“I tell myself that I can do it, even if I have to eat sand”
A ski-jumping legend turned rally driver, Adam Małysz is gearing up for his fifth participation in the Rally Dakar. Here the Polish athlete speaks to the Newsroom about this second career – and the challenges that come with it.
They call him “The Polish Eagle.” A four-time Olympic medalist with 92 podiums and 198 top-ten finishes, Małysz retired from ski-jumping in 2010… only to qualify for his rally driver license a year later.
In 2012, he entered the Dakar for the first time, finishing 38th with co-driver Rafal Micha. In 2013, he took 15th and in 2014, 13th. His car caught fire in 2015, forcing him to withdraw from the race.
Now back on track, Małysz is gearing up for the 2016 edition of the Dakar – starting in just over two months in South America.
You went from ski-jumping to rally driving – why that second career, and why that sport in particular?
“When I decided to end my ski-jumping career I knew that staying at home was not for me. I hate doing nothing. At the same time I couldn’t even imagine my life without sport. And I’ve always been interested in motorsports. I had an off-road car and I was taking it for a spin in the mountains from time to time. It was my way of releasing stress and I really enjoyed it. At one point I got a specific offer from a man representing a rally team. I decided it would be great to make one of my biggest dreams come true and live such an adventure.”
How do you use possible similarities between both sports to improve your driving performances?
“It’s hard to compare ski-jumping with rally raids. During a jump, an athlete has to be fully focused just for a moment. In case of rallies, on those long special stages, it’s necessary to maintain high-level focus for many hours, sometimes even for days. From time to time I take advantage of the knowledge gained during my previous career – when I have to learn something new for example. Then some of the ski-jumping techniques come in handy.”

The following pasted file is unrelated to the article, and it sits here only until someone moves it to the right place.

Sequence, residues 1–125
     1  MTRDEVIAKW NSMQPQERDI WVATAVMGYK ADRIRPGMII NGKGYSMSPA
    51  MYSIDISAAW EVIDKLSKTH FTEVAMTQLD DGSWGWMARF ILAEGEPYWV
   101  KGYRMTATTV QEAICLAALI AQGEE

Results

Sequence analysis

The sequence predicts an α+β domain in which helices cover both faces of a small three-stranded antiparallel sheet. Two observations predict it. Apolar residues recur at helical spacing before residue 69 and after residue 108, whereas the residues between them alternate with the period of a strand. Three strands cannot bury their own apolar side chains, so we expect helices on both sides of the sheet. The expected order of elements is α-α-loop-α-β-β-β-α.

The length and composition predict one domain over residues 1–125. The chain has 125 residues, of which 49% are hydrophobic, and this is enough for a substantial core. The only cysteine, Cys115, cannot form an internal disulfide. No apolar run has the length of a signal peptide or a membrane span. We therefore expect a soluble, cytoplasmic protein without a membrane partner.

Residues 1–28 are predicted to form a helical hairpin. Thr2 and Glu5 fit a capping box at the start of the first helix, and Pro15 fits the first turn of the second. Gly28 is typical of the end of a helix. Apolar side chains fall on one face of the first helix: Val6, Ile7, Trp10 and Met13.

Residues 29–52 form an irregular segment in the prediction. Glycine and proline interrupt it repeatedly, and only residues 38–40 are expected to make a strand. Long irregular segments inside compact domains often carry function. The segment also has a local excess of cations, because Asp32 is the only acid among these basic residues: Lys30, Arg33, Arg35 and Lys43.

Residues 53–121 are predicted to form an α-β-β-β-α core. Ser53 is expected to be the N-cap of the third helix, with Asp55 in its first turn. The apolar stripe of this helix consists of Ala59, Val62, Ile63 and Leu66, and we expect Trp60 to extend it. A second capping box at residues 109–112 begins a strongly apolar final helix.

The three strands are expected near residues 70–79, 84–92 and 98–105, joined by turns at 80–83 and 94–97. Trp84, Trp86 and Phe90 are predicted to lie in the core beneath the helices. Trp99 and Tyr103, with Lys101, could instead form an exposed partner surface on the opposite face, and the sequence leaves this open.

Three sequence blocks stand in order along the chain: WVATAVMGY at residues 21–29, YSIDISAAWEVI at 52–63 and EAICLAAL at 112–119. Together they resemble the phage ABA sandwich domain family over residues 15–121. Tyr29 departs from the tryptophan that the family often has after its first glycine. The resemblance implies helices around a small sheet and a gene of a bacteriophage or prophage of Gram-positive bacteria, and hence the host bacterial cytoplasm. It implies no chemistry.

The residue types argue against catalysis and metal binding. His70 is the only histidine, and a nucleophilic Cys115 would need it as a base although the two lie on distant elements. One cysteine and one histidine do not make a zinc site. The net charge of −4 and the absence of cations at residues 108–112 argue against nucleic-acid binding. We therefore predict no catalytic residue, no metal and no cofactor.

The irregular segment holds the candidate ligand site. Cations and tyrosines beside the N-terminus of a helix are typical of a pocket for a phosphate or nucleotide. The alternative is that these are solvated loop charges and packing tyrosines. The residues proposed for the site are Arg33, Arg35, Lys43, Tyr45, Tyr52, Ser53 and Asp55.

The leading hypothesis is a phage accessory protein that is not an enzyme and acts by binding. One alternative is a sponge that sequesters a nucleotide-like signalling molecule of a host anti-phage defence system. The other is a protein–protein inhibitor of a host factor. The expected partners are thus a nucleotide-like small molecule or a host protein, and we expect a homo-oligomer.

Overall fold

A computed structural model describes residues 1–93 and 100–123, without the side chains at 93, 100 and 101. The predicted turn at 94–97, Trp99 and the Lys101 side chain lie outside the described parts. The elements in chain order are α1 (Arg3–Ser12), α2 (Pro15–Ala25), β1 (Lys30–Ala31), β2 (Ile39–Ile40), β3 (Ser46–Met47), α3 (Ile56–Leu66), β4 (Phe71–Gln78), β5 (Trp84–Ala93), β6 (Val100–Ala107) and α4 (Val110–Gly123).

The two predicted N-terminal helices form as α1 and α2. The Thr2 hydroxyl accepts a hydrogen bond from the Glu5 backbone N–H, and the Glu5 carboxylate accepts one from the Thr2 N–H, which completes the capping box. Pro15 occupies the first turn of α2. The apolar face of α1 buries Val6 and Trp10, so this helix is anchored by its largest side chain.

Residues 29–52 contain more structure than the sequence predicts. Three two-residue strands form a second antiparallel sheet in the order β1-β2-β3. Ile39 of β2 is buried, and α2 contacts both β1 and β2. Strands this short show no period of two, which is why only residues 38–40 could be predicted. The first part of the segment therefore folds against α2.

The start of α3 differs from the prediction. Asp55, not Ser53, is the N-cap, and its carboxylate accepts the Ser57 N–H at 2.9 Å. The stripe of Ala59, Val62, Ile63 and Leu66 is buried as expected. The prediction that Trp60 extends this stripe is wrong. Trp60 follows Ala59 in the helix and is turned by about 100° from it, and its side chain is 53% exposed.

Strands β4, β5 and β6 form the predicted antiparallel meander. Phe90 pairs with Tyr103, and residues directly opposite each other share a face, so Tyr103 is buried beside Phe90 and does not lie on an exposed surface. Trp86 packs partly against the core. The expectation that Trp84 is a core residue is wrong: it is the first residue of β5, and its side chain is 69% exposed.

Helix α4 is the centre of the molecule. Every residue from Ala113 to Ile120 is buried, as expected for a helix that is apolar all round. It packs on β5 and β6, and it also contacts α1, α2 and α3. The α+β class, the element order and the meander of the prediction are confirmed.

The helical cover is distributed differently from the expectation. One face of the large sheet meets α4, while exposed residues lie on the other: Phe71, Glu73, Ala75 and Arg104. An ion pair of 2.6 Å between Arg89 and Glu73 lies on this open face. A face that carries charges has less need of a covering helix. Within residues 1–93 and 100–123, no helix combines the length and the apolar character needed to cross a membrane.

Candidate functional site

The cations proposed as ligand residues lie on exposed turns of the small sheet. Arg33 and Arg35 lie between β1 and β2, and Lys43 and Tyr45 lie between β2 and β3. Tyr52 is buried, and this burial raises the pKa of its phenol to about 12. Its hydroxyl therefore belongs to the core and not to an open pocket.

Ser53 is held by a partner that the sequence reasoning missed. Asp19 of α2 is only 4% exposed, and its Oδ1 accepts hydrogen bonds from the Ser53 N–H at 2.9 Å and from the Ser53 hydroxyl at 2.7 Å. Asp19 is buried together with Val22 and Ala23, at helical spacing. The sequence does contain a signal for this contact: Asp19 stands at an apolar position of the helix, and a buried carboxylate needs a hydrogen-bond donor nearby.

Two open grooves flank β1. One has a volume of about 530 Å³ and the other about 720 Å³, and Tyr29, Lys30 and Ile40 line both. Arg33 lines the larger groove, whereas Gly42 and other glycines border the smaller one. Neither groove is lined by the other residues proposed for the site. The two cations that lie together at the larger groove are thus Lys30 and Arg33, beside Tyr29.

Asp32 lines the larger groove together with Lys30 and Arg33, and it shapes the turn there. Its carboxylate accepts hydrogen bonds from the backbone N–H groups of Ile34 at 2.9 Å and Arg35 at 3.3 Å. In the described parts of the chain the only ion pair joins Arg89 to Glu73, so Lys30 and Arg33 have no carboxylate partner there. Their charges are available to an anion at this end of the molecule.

Why does the Dakar seem to attract athletes coming from all sorts of backgrounds, like Luc Alphand and you?
“I can’t fully explain it. Maybe it has something to do with the challenges people who are used to competitions have to face, or want to take up. It’s hard to suddenly stop preparing for something, stop working on a specific task. Obviously, there’s something magical and legendary about the Dakar. Taking part in that event involves making a dream come true, and finishing this rally is a reason to be proud.”
You’ve known such success on skis – what would success in a car look like?
“It would definitely be winning the Dakar. Every Cross-Country Rally World Cup victory would be valuable as well, not to mention success in the overall standings of the series.”
You’re gearing up for your fifth Dakar participation after making huge progress then withdrawing when your car caught fire earlier this year. What are your goals for the 2016 edition?
“We would like to take a place in the top 10.”
What was your view of the Dakar before first entering it and how has this evolved as you started racing it?
“I knew from the TV coverage and some stories I read that it was something extremely difficult. I watched exhausted drivers and machines reaching breaking point after many hours of racing. Turned out it was even worse in practice. Surviving this marathon is a great feat. Fortunately, I’m a determined guy so I told myself that I could do it, even if I had to eat sand. With time, day by day, I started to get used to the rally rhythm and I kind of adapted.”